I'm twelve and a half, and I've never wanted so badly to be younger. To be six or seven or even ten; to have Katniss here, gruff and strong and so beautiful, looking out for me. None of this would have happened if Katniss hadn't gone away.

None of it, I realize with a chill down my spine. Neither this home nor the shop nor the food on our table. We would be dead of cold or hunger right now if Katniss hadn't gone to live with Peeta – and no thanks to Mom, I add bitterly. Mr. Mellark is the kindest man I've ever met, and he would never have let us starve or live as desperately as we did before Peeta's bargain. Mom must have hurt him very badly for him to not even have tried to help.

I tug off my pretty New Year's clothes, eager to climb into bed and bury my woes in Buttercup's fur, but here as well, something is wrong. I feel damp and sticky between my legs, and I tug down my underwear to find a small patch of blood on the fabric.

As an apothecary's daughter, I know multiple reasons why a girl would bleed between her legs, and I know straightaway what this is, even though it's the first time it's ever happened to me. I'm the right age for it; I just hadn't expected it so soon, especially considering how long it took for Katniss. She hid it well, like some appalling sort of secret, but I paid attention. I knew when she needed willow bark tea and tried to get Buttercup to lie in her lap, in lieu of the warm bricks that Merchant girls use to ease menstrual pains. That part never quite worked out, but she appreciated the effort.

I grab fresh underthings and go to the bathroom to clean myself up. If it weren't for Katniss, I wouldn't know about the rag-bag either. That is, I'd know about it – it hung on a crooked nail in one corner of our wretched toilet-closet in the Seam, impossible to overlook – but not what its contents were for. Merchant girls buy special linen squares and bleach them after each use, but Katniss made do with the scraps of our oldest underthings, cut to rags of somewhat uniform size, and washed them in our harsh laundry soap.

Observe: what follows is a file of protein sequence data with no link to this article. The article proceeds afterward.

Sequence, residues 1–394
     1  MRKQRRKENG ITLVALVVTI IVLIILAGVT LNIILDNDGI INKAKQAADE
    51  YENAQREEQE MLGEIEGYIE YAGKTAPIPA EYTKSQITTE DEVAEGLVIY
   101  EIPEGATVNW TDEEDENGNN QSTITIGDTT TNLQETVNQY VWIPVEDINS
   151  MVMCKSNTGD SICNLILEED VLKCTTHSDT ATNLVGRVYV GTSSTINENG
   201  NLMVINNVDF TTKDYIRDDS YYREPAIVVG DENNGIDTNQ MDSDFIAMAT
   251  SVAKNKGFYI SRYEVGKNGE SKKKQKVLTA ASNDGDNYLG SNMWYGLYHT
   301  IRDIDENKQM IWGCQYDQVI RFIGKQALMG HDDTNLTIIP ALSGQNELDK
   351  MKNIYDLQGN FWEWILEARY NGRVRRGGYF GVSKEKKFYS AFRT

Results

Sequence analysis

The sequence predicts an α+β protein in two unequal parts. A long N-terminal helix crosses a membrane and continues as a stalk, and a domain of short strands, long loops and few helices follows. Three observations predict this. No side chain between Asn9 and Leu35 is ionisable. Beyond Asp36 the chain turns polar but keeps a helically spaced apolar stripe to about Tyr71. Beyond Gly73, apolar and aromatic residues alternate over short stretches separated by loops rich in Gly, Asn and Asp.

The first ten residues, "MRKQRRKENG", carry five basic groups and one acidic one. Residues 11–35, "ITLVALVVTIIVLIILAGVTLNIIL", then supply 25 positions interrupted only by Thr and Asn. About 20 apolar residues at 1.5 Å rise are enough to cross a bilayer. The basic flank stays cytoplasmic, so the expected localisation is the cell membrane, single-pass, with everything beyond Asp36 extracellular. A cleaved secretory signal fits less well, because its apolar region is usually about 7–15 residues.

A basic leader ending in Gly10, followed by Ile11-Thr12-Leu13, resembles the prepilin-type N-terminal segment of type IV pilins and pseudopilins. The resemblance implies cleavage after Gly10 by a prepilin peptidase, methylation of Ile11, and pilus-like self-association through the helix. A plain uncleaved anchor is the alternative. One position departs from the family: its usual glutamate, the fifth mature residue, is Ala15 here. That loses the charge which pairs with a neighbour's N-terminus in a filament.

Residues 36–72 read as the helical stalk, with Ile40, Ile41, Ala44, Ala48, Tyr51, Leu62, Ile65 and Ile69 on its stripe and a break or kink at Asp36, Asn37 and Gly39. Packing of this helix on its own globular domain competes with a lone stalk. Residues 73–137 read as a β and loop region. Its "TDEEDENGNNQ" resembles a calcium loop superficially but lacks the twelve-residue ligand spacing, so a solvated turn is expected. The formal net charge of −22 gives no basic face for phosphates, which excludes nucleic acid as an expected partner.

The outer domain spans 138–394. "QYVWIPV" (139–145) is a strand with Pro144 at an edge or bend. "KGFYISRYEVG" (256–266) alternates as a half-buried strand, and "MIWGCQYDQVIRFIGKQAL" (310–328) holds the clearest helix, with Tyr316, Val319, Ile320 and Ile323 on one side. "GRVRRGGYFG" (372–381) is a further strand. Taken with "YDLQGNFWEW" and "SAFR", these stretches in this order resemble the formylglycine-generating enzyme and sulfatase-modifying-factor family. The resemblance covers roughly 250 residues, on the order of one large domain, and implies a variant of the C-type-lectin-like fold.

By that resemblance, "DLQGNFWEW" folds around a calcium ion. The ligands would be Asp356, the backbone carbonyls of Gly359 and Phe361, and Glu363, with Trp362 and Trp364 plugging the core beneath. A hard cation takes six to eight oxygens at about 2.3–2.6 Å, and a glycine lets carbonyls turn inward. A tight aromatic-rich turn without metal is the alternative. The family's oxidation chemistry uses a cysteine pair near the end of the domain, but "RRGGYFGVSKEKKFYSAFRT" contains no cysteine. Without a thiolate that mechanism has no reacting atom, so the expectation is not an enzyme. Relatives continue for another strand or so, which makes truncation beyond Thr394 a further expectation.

Whatever Mom does – assuming she still has a cycle – she hides it even better than Katniss did. But she took the rag-bag when we packed our things at the Seam house, which suggests she either uses its contents herself or anticipated the day when I would.

I fold three rags into a makeshift pad and slip it between my underwear and my body. There's no pain yet, but the awareness of what's happening to me makes my abdomen feel heavy and strange, and I decide that a cup of tea – chamomile and fennel – might be a wise idea before bed.

I head for the kitchen, intent on ignoring Mom wherever she is and just making my tea to take back to my room, but then I see her through the living room doorway, sitting on the sofa. On the table in front of her is the kissing bough that I discarded so angrily a few minutes ago, and our second bough as well, the one that hung from the living room ceiling. As I watch, she unties the last of the red ribbons and folds it carefully, like she did back when Dad was alive and our bough boasted the same three ribbons every New Year's. She looks so sad by firelight – and at the same time, strikingly beautiful. She still wears her new dress of cranberry velvet, though she's discarded the pins to let her hair fall over one shoulder in a tangle of white-gold.

I sigh and walk into the room, and she looks up at the sound. "I'm sorry, Mom," I begin, but she's already shaking her head.

"No, I'm sorry, sweetheart," she says, reaching up to seat me beside her. "I didn't think about us being neighbors, or the likelihood that someone might say something to you. We were together for a long time, Janek and I, and many of our old friends now run the shops on the square. Was it Rooba who told you?" she asks, but my mind is caught back on together for a long time.